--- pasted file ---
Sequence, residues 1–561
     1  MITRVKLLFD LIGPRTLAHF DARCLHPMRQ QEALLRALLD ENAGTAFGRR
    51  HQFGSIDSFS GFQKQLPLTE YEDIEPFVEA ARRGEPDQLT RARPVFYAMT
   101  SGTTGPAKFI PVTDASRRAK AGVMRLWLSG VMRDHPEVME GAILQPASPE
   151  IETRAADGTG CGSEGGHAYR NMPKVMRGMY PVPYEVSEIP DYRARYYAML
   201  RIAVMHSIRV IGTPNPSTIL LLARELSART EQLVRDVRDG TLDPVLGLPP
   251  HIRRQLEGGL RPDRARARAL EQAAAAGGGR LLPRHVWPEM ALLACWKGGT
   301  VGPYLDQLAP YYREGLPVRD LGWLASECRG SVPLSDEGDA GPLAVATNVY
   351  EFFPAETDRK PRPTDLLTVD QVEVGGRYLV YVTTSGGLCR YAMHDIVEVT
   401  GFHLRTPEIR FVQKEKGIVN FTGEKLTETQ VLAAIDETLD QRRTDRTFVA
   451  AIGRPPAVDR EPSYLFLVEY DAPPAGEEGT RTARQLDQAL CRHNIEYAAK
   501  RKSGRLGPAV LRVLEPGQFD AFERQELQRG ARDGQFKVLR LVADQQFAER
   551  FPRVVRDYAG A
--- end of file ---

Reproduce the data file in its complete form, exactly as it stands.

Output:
Sequence, residues 1–561
     1  MITRVKLLFD LIGPRTLAHF DARCLHPMRQ QEALLRALLD ENAGTAFGRR
    51  HQFGSIDSFS GFQKQLPLTE YEDIEPFVEA ARRGEPDQLT RARPVFYAMT
   101  SGTTGPAKFI PVTDASRRAK AGVMRLWLSG VMRDHPEVME GAILQPASPE
   151  IETRAADGTG CGSEGGHAYR NMPKVMRGMY PVPYEVSEIP DYRARYYAML
   201  RIAVMHSIRV IGTPNPSTIL LLARELSART EQLVRDVRDG TLDPVLGLPP
   251  HIRRQLEGGL RPDRARARAL EQAAAAGGGR LLPRHVWPEM ALLACWKGGT
   301  VGPYLDQLAP YYREGLPVRD LGWLASECRG SVPLSDEGDA GPLAVATNVY
   351  EFFPAETDRK PRPTDLLTVD QVEVGGRYLV YVTTSGGLCR YAMHDIVEVT
   401  GFHLRTPEIR FVQKEKGIVN FTGEKLTETQ VLAAIDETLD QRRTDRTFVA
   451  AIGRPPAVDR EPSYLFLVEY DAPPAGEEGT RTARQLDQAL CRHNIEYAAK
   501  RKSGRLGPAV LRVLEPGQFD AFERQELQRG ARDGQFKVLR LVADQQFAER
   551  FPRVVRDYAG A